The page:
The city’s leader said it pained her to see images of patients waiting out in the cold and hear stories of exhausted hospital staff. She called on homes for the elderly to be responsible and stop sending their residents to hospitals if they were not ill.

Lam cited the pressing need to contain the pandemic as she explained the postponement of next month’s leadership election, saying it would otherwise undermine the credibility of the winner and deal a blow to the fairness, integrity and openness of the system.

“There is no way candidates can carry out their election activities in a normal manner,” she said, adding Beijing had approved of the delay.

Officials had taken into account the approximate time needed to suppress the current outbreak and the two-week nomination period required by law, while also leaving enough of a window for the next winner to form a cabinet, she said.

The next election must be held no later than June 30, the last day of her term, as required by the city’s mini-constitution, the Basic Law. With the postponement, the two-week nomination is scheduled to start on April 3.

Lam said she had left some time for the election to be postponed again by weeks, but did not address directly what would happen if the government failed to contain the pandemic by the end of her term.

“When the time comes the central government will take over and find a solution to the problem then,” she said.

She stressed the postponement did not amount to an extension of her term.

The Hong Kong and Macau Affairs Office said the postponement “realised the highly responsible attitude of putting the health of Hong Kong people first and the resolution to suppress the pandemic with all necessary measures possible”.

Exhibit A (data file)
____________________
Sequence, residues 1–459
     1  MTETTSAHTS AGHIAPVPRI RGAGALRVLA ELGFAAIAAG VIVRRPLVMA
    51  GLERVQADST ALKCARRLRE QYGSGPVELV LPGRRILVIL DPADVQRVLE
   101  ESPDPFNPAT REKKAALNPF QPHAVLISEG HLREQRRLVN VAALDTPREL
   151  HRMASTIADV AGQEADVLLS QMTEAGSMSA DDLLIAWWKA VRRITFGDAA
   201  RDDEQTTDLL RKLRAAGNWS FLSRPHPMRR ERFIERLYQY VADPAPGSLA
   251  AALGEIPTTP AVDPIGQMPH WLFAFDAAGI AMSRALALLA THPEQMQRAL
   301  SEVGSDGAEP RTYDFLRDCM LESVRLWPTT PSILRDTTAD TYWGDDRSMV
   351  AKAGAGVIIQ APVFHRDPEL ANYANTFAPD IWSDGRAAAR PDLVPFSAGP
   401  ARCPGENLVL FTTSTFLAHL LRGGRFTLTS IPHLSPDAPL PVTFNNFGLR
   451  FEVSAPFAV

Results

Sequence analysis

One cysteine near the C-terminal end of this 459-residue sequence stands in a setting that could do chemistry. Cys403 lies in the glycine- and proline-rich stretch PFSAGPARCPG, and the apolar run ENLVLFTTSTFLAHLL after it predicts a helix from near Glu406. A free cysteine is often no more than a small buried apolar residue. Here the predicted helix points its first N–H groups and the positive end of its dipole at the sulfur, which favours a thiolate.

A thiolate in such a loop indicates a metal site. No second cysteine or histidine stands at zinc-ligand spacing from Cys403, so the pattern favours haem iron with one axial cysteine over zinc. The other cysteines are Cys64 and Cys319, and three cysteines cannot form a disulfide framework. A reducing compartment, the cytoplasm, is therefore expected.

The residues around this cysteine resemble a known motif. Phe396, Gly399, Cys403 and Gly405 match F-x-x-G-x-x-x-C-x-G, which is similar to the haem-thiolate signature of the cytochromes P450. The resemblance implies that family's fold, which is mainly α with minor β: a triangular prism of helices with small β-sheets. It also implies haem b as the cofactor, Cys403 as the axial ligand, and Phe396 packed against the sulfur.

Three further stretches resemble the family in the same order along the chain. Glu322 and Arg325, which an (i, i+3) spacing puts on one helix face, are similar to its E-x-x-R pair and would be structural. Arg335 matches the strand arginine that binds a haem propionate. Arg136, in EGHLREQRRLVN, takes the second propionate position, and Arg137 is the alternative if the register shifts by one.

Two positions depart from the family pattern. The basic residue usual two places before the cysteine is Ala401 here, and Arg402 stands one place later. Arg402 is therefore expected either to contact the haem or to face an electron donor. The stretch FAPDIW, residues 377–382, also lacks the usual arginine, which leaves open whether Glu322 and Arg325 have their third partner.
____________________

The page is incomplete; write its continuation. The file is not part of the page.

“The central government shows its understanding and support,” it said.

Beijing’s liaison office in the city said the decision “is in line with the overall interest of Hong Kong”.

Analysts noted that Beijing had the power to extend the term of the current government if officials could not bring the pandemic under sufficient control by May.

The Basic Law also provides for deciding the city’s leader by means of “consultation” rather than election.

Just last week Lam had said the leadership exercise would proceed as planned, noting it involved only a fraction of electors in a Legislative Council election.

On Friday she denied making a U-turn, saying: “I would not accept that this is a change in my stance. This is a fulfilment of my promise that I will continuously review the situation and adjust the measures of the policy that need to be taken in the best interest of Hong Kong.”

New People’s Party chairwoman Regina Ip Lau Suk-yee, a pro-Beijing heavyweight seen by some as a possible contender for the leadership race, said invoking emergency powers to delay the election was better than postponing it, should no hopefuls win enough nominations.

“It is more in line with procedural fairness for the government to take the initiative to push back the poll before the nomination period commences, as some people might hope to sign up for the race,” she said, without indicating whether she intended to run.

Ip, a top adviser to Lam, argued that 54 days was “sufficient” for the next leader to organise an administration, as whoever was ultimately elected should be deeply familiar with bureaucracy.

Four hopefuls have so far declared an intention to contest the election: film producer and kung fu master Checkley Sin Kwok-lam; Titus Wu Sai-chuen, a former member of the Democratic Alliance for the Betterment and Progress of Hong Kong; Wong Man-hong; and Ahm Warm-sun, the last two being little known in political circles.